After a long interesting day on rail, we finally arrived at our ski resort at Yabuli. It was already 11pm at night. (We left our Beijing hotel at 6am). The train ride was an extraordinary experience for all of us – who had been accustomed to luxury traveling. We spent good time on board connecting with one another and mingling with the locals. We slept, we ate, we drank, we sang, we played cards and we danced. It was a different and enriching traveling experience. Bravo!


Here are the 4 classes of Trains:

THE HARD-SEATER
It is not really “hard” like the ones we have on the MRT train. It is economic-class seats for most of the thrifty locals. It is not advisable to travel on this class during peak seasons like Chinese New Year as it will be overly packed and crowded. We took this train from Harbin City to Yabuli. It costs RMB19/pax. We were traveling in a low-peak season and it was only 70% filled. Passengers here are surprisingly friendly, chatty and rowdier. Even though the passengers have to sit according to the seat number, they are willing to exchange seats so you get to seat with your friends and family. Expect lots of activities going on there. Don’t be surprised if they start to make small talks or share food with you. While we were there, our “small talks” became “long talks” that lasted the entire 3 hours. We had lots of fun here.


THE SOFT-SEATER (6-SEATER)

We took the soft-seaters from Yabuli back to Harbin City. It costs RMB50/pax. 6 of us squeezed into a tight 4-bedder cabins. The good thing about soft-seater is there is little chance of overcrowding within the cabin. The full cabin fits 6 passengers. It is ideal if you take up the entire cabin to yourselves so you won’t be in any awkward closeness with strangers. For those who like privacy, there is a sliding door which you can close.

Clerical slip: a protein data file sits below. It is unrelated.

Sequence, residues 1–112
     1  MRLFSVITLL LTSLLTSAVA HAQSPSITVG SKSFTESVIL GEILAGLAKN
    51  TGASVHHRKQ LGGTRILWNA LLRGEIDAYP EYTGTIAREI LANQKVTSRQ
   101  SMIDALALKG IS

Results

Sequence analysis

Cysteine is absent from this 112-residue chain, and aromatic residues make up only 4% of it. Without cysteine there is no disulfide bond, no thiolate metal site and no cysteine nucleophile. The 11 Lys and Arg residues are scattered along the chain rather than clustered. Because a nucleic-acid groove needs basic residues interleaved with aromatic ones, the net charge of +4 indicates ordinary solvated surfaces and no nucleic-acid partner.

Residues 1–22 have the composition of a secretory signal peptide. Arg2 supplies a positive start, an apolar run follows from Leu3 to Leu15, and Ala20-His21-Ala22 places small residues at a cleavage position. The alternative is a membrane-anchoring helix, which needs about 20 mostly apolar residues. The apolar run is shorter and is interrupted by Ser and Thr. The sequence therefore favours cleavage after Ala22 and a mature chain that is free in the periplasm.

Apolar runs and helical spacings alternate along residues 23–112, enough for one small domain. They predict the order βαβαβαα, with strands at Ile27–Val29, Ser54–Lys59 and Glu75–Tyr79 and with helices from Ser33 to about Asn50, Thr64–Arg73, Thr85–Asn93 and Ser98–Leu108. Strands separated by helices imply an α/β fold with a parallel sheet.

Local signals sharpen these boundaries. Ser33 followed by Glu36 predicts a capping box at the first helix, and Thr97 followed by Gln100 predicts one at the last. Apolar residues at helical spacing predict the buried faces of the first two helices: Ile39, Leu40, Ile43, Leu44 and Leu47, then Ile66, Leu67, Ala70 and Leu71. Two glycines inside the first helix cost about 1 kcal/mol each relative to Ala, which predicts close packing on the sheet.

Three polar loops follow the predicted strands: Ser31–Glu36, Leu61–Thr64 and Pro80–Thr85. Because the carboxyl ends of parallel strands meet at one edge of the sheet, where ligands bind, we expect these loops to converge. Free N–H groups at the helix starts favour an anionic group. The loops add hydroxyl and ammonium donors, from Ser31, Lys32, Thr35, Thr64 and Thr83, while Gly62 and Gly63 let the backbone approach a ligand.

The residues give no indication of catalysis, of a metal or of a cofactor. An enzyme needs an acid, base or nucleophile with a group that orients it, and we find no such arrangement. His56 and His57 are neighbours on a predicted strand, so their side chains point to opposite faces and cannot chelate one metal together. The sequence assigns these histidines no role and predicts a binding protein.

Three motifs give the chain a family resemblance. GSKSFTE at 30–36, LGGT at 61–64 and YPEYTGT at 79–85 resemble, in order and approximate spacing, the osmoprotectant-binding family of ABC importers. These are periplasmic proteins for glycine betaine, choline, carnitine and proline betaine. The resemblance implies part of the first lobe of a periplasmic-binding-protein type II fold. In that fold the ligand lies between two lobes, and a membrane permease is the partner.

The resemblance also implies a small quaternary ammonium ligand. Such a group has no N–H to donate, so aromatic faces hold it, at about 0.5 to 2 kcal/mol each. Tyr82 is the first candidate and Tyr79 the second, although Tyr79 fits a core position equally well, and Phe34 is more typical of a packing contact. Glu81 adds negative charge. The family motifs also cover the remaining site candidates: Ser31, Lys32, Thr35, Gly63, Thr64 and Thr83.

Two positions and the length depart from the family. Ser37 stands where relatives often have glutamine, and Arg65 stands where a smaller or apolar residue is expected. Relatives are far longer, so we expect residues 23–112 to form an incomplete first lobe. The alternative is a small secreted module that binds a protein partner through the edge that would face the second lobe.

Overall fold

THE SOFT-SLEEPER (4-BEDDER)

It is a small cabin with 4 double-decker beds. Very similar to the 6-seater “Soft-Seater Cabin” we had. We took this class for the 9-hour overnight train from Harbin City to Beijing. It costs RMB433/pax. The cabins aren’t sound-proof so you get to hear noises from the next cabin. We had the whole cabin to ourselves so we didn’t feel unsafe. Sleeping was pretty comfortable except the usage of the lavatory. There were only 2 lavatories on each carriage. It is advisable to be one of the firsts to use the lavatory. Bring your own toilet roll, wet-tissues and hand sanitizers lotion as it runs out pretty fast.

THE DELUXE SOFT-SLEEPER (2-BEDDER WITH PRIVATE LAVATORY)
I was expecting a queen bed but it was a double-decker 2-bedder cabin. The beds are wider and the cabin is must spacious than the 4-bedder ones. It comes with a private in-cabin lavatory so clean freaks need not to worry about sharing germs and foul smell. There were LCD TV at the end of each bed but it wasn’t working for us. It is a very comfortable for a long-haul overnight ride. A big cafe is located just next door and we had our supper there. Felicia and I took this cabin from Harbin to Beijing. It costs RMB840/pax.

One Response to Our White Christmas II – Train Rides in China

  1. Pingback: Harbin free and easy - www.hardwarezone.com.sg